Purpose – The purpose of this study is to propose a taxonomy of meeting purpose. Meetings are a workplace activity that deserves increased attention from researchers and practitioners. Previous researchers attempted to develop typologies of meeting purpose with limited success. Through a comparison of classification methodologies, the authors consider a taxonomy as the appropriate classification scheme for meeting purpose. The authors then utilize the developed taxonomy to investigate the frequency with which a representative sample of working adults engaged in meetings of these varying purposes. Their proposed taxonomy provides relevant classifications for future research on meetings as well and serves as a useful tool for managers seeking to use and evaluate the effectiveness of meetings within their organizations. Design/methodology/approach – This study employs an inductive methodology using discourse analysis of qualitative meeting descriptions to develop a taxonomy of meeting purpose. The authors discourse analysis utilizes open-ended survey responses from a sample of working adults ( n = 491). Findings – The authors categorical analysis of open-ended questions resulted in a 16-category taxonomy of meeting purpose. The two most prevalent meeting purpose categories in this sample were “to discuss ongoing projects” at 11.6 per cent and “to routinely discuss the state of the business” at 10.8 per cent. The two least common meeting purpose categories in this sample were “to brainstorm for ideas or solutions” at 3.3 per cent and “to discuss productivity and efficiencies” at 3.7 per cent. The taxonomy was analyzed across organizational type and employee job level to identify differences between those important organizational and employee characteristics. Research limitations/implications – The data suggested that meetings were institutionalized in organizations, making them useful at identifying differences between organizations as well as differences in employees in terms of scope of responsibility. Researchers and managers should consider the purposes for which they call meetings and how that manifests their overarching organizational focus, structure and goals. Originality/value – This is the first study to overtly attempt to categorize the various purposes for which meetings are held. Further, this study develops a taxonomy of meeting purposes that will prove useful for investigating the different types of meeting purposes in a broad range of organizational types and structures.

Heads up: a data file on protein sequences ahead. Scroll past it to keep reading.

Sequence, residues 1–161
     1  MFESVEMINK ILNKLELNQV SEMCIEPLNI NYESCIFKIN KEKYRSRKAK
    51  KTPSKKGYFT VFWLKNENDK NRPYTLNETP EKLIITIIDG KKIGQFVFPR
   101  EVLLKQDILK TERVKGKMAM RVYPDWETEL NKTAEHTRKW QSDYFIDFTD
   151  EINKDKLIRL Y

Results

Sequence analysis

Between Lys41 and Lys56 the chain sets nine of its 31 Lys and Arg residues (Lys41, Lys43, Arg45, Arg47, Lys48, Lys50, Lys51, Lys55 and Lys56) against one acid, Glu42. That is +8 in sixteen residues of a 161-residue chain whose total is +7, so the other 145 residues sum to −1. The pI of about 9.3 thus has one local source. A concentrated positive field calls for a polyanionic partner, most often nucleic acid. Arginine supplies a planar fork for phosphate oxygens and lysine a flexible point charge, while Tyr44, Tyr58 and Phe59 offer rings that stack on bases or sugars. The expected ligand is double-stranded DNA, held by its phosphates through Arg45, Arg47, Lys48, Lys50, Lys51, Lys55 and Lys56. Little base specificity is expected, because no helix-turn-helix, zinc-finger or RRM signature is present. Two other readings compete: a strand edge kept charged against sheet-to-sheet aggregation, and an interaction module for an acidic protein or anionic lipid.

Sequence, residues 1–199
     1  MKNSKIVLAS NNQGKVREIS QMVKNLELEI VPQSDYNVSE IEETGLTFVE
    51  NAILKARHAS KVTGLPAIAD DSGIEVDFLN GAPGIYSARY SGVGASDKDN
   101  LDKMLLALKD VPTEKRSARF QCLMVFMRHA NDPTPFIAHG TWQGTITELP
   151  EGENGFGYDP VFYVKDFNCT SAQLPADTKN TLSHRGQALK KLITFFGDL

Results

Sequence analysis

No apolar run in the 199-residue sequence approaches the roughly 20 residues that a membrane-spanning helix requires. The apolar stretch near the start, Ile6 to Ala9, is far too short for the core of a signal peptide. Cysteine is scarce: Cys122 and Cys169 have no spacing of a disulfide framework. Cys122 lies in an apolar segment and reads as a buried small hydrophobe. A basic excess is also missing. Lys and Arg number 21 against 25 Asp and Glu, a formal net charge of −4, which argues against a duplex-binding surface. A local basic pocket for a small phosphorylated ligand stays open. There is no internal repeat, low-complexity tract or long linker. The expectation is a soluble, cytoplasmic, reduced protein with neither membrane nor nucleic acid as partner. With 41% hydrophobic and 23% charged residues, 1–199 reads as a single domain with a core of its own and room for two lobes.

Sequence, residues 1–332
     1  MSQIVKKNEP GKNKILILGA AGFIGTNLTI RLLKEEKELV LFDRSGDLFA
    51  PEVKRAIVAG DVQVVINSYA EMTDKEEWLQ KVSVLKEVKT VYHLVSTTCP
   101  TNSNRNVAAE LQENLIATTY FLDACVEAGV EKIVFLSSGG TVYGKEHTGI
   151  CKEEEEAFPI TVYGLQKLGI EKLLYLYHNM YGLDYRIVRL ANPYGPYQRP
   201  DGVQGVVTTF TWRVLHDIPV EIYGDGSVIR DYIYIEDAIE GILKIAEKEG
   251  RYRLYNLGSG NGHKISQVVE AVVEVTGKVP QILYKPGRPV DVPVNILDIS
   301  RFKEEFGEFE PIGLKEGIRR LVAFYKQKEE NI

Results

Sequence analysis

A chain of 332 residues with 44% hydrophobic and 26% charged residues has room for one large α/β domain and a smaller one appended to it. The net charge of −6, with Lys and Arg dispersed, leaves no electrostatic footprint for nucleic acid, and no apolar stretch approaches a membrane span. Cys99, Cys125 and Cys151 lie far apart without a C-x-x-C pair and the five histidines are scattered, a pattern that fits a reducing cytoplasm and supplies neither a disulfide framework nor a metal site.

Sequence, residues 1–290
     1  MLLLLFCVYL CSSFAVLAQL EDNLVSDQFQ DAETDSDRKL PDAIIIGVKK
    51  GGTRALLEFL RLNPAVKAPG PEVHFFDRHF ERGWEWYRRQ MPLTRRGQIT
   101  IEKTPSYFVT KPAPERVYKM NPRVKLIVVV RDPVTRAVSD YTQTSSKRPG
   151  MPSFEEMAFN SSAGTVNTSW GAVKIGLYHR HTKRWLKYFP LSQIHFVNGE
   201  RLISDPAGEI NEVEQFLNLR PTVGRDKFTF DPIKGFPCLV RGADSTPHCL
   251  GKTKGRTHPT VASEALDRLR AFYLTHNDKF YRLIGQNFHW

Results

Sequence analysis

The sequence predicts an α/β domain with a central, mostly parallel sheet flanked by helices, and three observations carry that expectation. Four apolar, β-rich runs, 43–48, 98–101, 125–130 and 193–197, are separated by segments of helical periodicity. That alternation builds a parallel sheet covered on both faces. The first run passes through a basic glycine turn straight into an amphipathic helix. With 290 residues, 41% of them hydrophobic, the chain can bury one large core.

Article